Christy Moore – ‘Unique’ Biography (Courtesy the Artist’s site, 2005)
PLUS Still Moving Hearts Article.
In the beginning of this decade I began getting piano lessons from Sister Michael. At 6 I took Christ’s body for the first time. I was half brainwashed with Catechism and discipline and eternal damnation on the horizon.
I saw “Rock Around the Clock” and learned what erections were for. Left the Altar Boys and found the F.C.A. Got long trousers, began to shave, tasted ale, Babycham and Jameson.
Won a County medal for Gaelic, sang solo in the Choir, could be a right little obnoxious bollix or the nicest lad in Ireland. Met Ronnie Delaney on his way home from Melbourne. Daddy died. Fuck it. He was sound.
As I recall today my first gig was in the original Embankment in Tallaght in 1965. I was booked by the late Peggy Jordan to play in this great venue, then being developed by Mick McCarthy (The real Mick McCarthy). I was paid ten shillings. I bought a shirt for 7/6 and went to town on the balance.
At this time the scene that was emerging in Dublin mesmerized me but I found it impossible to get a foot in the door. I had a small repertoire of good songs and I always went down well when I got a chance to sing. But looking back now I was probably not cool enough for the bookers.
I moved to England in ’66 and via work on buildings, factories, oilrigs I ended up on the folk club circuit in Manchester in 1967. My first gig as a professional folk singer was at The Wellgreen Folk Club, Manchester on May 4th. I was paid £6 and I sang:
Rocky Road to Dublin; Verdant Boys of Skryne; Traveling People; James Connolly; Calton Weaver; Dungannon Maid; Enniskillen Dragoon; All for me Grog; Paddy on The Railway; Sam Hall.
On Saturday 6th May I played at The Bury Folk Club near Manchester. I sang some of the above songs plus:
Blackwaterside; Spanish Lady; Carnlock Bay; Spancilhill; I’m a Rover.
The following day I celebrated my 22nd birthday. I was a Folksinger in exile
And I was on the pig’s back.
From ’67 onwards I developed my repertoire and spread my wings the length and breadth of the U.K. In ’68 I did my first radio broadcast in Dublin on Radio Eireann in a hall on O’Connell St. I sang ‘The Galtee Mountain Boy’, ‘Bogies Bonnie Belle’ and ‘The Bunch of Thyme’. On the back of my emerging career in the U.K, the Dublin bookers were starting to give me some gigs. I had many British songs that had not been heard in Dublin before and this worked to my advantage.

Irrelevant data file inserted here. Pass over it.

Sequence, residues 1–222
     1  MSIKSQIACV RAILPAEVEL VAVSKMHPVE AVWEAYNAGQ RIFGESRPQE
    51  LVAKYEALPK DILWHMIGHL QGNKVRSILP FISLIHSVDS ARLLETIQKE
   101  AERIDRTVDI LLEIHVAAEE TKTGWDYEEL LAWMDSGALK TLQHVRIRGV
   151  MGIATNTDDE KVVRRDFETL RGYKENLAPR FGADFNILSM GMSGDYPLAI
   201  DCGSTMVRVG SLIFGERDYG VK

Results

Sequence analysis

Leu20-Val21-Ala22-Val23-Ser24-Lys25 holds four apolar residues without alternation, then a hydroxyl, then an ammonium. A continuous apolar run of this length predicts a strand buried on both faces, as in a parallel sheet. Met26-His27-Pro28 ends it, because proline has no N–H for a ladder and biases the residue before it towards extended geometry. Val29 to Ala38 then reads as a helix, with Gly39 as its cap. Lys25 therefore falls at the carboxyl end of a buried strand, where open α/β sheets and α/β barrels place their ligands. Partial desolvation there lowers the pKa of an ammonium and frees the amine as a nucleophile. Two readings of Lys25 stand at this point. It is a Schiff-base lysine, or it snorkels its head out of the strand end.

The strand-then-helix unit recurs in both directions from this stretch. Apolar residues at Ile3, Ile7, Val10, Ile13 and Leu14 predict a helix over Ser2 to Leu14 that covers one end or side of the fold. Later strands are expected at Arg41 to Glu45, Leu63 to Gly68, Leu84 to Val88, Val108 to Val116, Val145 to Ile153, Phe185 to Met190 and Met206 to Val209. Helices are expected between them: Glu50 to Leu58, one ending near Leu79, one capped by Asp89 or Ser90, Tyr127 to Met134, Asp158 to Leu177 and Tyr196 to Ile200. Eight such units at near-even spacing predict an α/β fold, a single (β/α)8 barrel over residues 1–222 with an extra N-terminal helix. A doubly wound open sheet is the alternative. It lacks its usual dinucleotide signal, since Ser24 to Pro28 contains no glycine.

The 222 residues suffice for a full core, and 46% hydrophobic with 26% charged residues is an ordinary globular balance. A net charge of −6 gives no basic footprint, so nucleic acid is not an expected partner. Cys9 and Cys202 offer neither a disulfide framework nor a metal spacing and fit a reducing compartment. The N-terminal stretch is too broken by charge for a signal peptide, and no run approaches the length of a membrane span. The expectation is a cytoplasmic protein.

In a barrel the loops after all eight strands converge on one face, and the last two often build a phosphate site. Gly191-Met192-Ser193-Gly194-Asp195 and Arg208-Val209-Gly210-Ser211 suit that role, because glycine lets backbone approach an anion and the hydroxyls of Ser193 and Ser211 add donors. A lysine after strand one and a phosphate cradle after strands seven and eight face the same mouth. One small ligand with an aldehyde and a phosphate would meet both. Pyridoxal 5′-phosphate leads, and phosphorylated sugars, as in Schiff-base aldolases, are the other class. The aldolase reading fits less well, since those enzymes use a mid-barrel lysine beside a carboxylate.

Around ’69 I was becoming desperate to make an album. To be a “Recording Artist” was essential if I was to break into the Premier Division of the folk circuit. I was doing well but there was still a way to go. I auditioned unsuccessfully for ‘Transatlantic’, which was the most desirable folk label of the era featuring the likes of Pentangle, Ralph McTell and Hamish Imlach. Subsequently I recorded my first album ‘Paddy On The Road’ with Dominic Behan in Sound Techniques, Chelsea.
I can still savor the feeling of getting that first L.P into my hand. I could not quite believe it. I went to Noel Murphy’s pad in Shepard’s Bush and we listened, me in awe and he being kind and encouraging. 500 were pressed and then it was deleted.
By the end of the ’60’s my ears were focused back on Dublin.
Across the ‘60’s I’d heard The Clancy Brothers, John Reilly, The Dubliners, Luke Kelly solo, and then I began to be influenced by the British folk revival. I heard Sweeney’s Men, Moynihan and Irvine, Mick Moloney, and I was drawn back by the kind of music that was coming from the island.
Having failed my Transatlantic audition I returned once more to the producer Bill Leader who had begun releasing albums on his two record labels, ‘Trailer‘ and ‘Leader’. He liked my idea of going to Ireland to record with musicians I had long admired. In July 1970 Bill arrived in Prosperous, Co. Kildare where I had been rehearsing with Donal Lunny, Andy Irvine and Liam O’Flynn. We recorded work that was subsequently released as “Prosperous”.
We loved what we heard and agreed to re-converge the following year and try forming a band. The band commenced on Monday, 3 January 1972 with a residency at The Mug’s Gig held upstairs in Slattery’s of Capel St., Dublin. For a short while we went under our four names and we briefly were called “CLAD” but then settled on “Planxty”. Our first Planxty tour began at the M.S.G Manchester on April 22nd 1972, which was also the first time that Nicky Ryan ever did our sound. Planxty were on the road.
Over the next two years Planxty continued to tour and became very popular. We recorded three albums; ‘Planxty’, ‘The Well Below The Valley’ and ‘Cold Blow The Rainy Night’. Donal left in ’74 and I followed in ’75. Back solo again.
Looking back I was fortunate to come through these years intact. My work was poor and the sort of gigs I was doing were not memorable. I did a German tour in March 1977, which was a particular low point both personally and musically. The rock bottom of my musical life was Club Stubo, Bremen, Germany on 5th March 1977. The promoter was one mean bastard, God bless him.